Hundreds of Wake County residents had been fighting the plan since it was announced. They even held a modern-day tea party protest.
When Holly Springs passed a resolution on the land that sat between the two towns, Cary started to back off.
The citizens' group, Stop Cary, made good on its name. The group mobilized to fight Cary's annexation plan, and it worked.
"This is still a government by the people," said annexation opponent Ron Thoreson. "And the people have to band together and speak out against a government that works against their wishes. That's what democracy is, and in its purest form."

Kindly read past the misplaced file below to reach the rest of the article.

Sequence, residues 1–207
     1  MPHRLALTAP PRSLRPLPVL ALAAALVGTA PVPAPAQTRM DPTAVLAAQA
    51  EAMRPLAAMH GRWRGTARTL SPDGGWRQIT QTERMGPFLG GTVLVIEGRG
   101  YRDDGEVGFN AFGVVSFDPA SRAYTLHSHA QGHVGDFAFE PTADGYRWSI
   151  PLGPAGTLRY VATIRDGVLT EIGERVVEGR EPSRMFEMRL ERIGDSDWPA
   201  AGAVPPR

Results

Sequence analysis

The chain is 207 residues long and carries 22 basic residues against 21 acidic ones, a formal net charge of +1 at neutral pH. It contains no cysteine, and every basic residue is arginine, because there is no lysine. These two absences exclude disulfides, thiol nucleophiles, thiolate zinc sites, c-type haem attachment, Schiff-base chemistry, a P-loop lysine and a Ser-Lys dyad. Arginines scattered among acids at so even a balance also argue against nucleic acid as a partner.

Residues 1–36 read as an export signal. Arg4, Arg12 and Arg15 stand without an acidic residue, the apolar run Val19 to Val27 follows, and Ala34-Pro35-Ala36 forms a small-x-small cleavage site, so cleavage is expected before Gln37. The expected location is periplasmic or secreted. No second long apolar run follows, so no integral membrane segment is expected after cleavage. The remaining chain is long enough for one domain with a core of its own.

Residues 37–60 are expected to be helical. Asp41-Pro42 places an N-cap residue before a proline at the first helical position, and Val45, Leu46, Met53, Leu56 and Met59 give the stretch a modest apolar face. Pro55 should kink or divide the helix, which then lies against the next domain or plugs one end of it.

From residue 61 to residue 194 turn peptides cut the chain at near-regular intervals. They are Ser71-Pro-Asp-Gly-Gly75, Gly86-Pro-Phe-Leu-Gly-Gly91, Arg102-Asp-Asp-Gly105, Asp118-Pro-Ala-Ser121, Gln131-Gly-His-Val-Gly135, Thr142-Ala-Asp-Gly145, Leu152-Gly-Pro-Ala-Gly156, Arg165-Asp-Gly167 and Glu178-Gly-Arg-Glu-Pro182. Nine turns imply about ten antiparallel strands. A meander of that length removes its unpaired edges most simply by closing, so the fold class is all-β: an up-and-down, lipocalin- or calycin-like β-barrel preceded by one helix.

The properties in question included Dutchman Downs and other nearby neighborhoods located between Holly Springs and Cary. The neighbors said they were relieved -- for now.
"Mentally, it was a huge struggle, just thinking that we were going to be in Cary," Joe Bornman said. "I used to live in Cary, and I moved out of the Cary city limits for several reasons, and I just didn't want to be part of Cary again."
McAlister said that, eventually, many of these same areas will be annexed because of their proximity to Cary. But next time, he wants it done in a more orderly fashion.
Friday marked the second time in about three months that Cary has nixed annexation after people mounted strong opposition.
In September, Chatham County residents started a grassroots effort to keep Cary from annexing them. The opposition worked when Cary pulled the plan off the table a few weeks later.
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